flora and fauna of the country, with many of its species being endemic and included in the Red Book of
Armenia.“ Thus, one of the most sought-after tourist packages included easy hiking trails, eco-tours,
cycling, bird-watching, and many other nature-exploring tours. Armenia was also finding a place on the food and drink travel maps by attracting food and drink experts
and lovers from all over the world. In 2015, Jack Maxwell shared his favourite moments in an episode of
“Top 5: Armenia” on the Travel Channel’s Booze Traveler series.&quot; In May 2018, Anthony Bourdain aired
an episode on Armenian cuisine as part of his Parts Unknown television show.38 Wine tours were becoming
another attraction in the country with its old wine history that was experiencing a rebirth, with a number of
expats establishing new wineries and bringing Armenia back into the wine world.39 WHAT NEXT? Elliott was going through the company’s records. The numbers were good—there was clearly a steady
growth in the number of clients. The reviews were great and positive. He was pleased—some of his
clients had not only come for other treatments, but they had also brought their friends and family
members. However, he was concerned with growing competition and was certain there was more
potential out there. Something had to be done to attract more clients. He needed more innovative ways to
attract new customers and beat the competition.
9.png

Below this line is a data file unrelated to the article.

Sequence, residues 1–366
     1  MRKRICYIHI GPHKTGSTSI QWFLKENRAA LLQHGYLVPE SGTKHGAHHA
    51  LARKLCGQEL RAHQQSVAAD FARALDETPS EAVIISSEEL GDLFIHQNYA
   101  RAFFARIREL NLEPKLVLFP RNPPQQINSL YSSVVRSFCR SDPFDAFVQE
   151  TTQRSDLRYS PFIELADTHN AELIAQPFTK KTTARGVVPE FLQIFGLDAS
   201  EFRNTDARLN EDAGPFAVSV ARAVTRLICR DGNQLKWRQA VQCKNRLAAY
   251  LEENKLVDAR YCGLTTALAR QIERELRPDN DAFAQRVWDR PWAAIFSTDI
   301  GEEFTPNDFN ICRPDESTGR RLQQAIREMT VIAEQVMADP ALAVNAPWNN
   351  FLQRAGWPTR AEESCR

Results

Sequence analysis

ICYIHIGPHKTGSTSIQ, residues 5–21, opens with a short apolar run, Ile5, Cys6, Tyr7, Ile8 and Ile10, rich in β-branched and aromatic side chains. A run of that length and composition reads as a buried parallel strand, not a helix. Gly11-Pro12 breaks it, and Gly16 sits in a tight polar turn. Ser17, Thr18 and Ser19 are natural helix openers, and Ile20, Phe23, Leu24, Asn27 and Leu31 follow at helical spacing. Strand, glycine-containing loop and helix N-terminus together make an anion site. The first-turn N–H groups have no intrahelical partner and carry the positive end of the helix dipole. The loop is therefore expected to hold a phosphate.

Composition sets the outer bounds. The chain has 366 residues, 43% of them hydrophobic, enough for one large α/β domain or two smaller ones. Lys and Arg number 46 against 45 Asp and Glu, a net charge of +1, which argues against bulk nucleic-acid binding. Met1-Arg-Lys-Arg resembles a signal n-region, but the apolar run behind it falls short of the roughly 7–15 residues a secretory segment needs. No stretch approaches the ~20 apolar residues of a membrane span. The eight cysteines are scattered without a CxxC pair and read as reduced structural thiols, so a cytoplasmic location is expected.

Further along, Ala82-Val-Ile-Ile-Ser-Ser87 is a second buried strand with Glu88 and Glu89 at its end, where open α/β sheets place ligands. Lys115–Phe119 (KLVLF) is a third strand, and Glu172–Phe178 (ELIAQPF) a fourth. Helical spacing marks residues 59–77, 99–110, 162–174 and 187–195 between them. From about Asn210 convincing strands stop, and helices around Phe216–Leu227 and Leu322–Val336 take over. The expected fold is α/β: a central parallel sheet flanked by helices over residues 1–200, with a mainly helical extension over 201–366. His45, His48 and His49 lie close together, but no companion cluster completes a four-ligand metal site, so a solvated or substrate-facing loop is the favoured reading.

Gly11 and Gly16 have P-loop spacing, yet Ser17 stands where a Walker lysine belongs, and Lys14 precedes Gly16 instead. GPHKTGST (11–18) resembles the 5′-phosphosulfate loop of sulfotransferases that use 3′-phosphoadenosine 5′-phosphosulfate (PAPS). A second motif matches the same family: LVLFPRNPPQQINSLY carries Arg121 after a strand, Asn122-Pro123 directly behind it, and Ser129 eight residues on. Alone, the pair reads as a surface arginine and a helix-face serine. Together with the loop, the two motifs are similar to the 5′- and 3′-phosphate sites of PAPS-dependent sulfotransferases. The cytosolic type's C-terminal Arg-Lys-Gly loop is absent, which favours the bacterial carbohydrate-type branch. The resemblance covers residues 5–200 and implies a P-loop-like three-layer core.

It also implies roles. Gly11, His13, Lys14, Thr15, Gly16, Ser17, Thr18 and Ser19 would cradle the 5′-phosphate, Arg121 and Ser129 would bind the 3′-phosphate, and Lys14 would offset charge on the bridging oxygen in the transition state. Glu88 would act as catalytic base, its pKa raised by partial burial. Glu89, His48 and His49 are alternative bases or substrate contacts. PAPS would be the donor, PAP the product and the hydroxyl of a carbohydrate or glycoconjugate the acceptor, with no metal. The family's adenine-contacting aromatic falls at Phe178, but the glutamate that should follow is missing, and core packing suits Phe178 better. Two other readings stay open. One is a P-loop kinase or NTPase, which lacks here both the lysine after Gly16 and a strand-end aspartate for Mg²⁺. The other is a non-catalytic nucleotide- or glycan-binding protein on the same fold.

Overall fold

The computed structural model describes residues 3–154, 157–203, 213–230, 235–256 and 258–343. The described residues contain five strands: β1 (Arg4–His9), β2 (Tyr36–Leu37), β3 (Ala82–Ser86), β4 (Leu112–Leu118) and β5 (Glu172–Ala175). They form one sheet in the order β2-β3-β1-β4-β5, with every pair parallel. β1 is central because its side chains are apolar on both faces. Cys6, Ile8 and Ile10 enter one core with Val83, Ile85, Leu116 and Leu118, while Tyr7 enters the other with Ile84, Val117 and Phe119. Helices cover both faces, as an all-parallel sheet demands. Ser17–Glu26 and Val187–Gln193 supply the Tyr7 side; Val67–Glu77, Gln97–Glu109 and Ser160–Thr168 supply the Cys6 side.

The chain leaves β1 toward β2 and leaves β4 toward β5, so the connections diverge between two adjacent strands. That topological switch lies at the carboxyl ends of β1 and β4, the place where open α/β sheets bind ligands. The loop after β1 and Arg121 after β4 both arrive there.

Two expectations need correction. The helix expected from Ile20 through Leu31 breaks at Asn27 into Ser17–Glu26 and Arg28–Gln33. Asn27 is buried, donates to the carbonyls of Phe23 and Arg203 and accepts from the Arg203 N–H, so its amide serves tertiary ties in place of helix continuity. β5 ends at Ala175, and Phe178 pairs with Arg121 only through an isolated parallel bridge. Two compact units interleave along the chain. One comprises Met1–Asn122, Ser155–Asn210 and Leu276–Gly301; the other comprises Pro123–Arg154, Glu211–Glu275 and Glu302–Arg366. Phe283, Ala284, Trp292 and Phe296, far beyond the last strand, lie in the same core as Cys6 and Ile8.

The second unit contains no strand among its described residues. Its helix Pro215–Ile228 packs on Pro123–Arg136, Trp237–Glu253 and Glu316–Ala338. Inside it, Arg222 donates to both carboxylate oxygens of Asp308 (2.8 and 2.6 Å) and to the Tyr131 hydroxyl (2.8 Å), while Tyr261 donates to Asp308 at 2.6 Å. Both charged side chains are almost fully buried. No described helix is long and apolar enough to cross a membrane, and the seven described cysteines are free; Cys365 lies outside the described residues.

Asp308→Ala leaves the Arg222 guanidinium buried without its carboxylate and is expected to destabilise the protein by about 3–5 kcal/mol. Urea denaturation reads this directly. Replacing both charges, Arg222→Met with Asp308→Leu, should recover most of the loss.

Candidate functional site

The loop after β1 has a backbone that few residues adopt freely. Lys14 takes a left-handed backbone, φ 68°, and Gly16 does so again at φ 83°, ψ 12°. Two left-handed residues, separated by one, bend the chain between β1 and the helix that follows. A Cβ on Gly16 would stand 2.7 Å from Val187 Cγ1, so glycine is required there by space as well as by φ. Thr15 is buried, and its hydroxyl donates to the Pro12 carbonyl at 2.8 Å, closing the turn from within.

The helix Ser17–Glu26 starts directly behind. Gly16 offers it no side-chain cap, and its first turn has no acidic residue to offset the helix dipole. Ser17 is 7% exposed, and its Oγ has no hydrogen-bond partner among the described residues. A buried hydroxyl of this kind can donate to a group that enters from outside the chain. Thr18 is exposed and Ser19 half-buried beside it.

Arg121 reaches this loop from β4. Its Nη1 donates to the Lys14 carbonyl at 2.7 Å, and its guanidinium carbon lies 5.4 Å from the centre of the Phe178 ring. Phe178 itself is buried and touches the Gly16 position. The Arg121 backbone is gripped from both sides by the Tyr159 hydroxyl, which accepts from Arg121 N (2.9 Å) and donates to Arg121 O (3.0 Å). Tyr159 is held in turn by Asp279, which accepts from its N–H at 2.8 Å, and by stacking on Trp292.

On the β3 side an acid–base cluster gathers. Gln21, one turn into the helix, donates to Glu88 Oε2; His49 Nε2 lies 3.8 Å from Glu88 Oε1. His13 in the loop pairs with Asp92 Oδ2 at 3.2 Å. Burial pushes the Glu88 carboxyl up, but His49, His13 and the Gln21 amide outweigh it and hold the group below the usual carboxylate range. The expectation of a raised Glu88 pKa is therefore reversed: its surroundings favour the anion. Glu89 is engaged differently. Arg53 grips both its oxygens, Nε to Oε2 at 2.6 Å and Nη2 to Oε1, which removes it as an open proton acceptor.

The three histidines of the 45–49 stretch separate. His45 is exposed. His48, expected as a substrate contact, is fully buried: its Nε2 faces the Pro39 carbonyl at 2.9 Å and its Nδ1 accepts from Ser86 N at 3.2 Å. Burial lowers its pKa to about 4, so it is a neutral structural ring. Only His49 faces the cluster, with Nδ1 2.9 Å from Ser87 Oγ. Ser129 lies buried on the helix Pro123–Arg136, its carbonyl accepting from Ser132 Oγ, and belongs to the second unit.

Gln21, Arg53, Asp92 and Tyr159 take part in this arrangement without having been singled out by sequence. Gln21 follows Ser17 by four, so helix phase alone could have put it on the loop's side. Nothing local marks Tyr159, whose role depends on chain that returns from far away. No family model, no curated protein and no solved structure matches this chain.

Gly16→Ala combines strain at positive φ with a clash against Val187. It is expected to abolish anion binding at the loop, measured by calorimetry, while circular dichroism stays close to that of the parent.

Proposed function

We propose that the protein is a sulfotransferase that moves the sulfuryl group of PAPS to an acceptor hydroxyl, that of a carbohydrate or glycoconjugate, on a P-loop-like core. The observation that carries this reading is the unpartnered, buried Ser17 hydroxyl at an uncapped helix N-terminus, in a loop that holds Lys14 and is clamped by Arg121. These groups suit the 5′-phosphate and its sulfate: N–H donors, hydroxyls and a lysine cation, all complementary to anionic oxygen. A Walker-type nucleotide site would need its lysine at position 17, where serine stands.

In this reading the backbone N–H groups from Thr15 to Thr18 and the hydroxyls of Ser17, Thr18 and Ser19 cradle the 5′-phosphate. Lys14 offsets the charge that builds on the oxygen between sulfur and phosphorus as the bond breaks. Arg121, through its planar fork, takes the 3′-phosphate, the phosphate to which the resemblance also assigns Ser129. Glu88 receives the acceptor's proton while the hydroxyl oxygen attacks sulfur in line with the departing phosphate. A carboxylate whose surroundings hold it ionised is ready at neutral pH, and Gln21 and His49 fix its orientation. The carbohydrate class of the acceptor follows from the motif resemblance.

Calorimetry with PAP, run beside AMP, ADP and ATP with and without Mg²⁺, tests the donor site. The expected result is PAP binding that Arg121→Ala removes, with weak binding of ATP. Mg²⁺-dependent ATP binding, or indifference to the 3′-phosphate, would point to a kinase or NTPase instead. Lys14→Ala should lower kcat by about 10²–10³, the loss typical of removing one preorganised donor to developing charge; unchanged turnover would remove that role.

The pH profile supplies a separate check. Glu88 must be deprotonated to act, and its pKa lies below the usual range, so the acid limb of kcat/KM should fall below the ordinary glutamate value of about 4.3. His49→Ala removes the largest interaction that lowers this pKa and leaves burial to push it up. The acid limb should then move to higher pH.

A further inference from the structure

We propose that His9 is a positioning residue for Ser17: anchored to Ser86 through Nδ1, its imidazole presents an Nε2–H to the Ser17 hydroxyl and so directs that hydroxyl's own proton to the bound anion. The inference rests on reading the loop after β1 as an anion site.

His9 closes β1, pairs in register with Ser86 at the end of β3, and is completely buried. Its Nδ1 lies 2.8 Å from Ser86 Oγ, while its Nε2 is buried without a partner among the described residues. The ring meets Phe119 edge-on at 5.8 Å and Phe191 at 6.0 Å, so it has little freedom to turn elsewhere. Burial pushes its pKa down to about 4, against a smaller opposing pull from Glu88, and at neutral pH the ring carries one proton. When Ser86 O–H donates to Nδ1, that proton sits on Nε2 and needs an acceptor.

Page 9
9B204028
EXHIBIT 1. TOOLS USED BY GETTREATED CJSC
GetTreated (GT) used Armenian apps to help the company offer a unique and personalized medical travel
experience to patients from around the world. The company was highly motivated to promote Armenian-
made products and apps along the way. While in Armenia for treatment, and after the first few days, the
clients used the Armphone and the preinstalled apps to order, for example, a taxi to explore Yerevan and
surrounding provinces on their own or to make a food order via menu.am (an online food service). Once
they were done with their treatment, the clients returned the Armphone. However, as some of the
preinstalled apps started showing signs of decline-Zangi messenger, in particular, seemed to be losing
the momentum it had gained in 2017-Elliott was rethinking his use of the apps and even the Armphone.
Armphone
This smartphone, designed and assembled locally in Yerevan, was both affordably priced and powerful
enough to run all the applications patients needed during their stay with GT. Patients were issued this
device upon arrival at the airport, and they could use the preinstalled apps to navigate the city, find places
to eat, or contact GT representatives at any time. (Note: The first Armphones were produced and introduced
to the market in January 2016. However, in 2017, only 1,430 phones were produced-15 per cent less than
in 2016-and there were no statistics from 2018.)
GG app-Taxi services
GG was a local ride-hailing service with reliable drivers and clean and spacious cars. Yerevan was a
compact city where most distances were quite easily walkable. The simple-to-use GG app meant that a
reliable driver was always available at the touch of a button. GT patients' Armphones came pre-equipped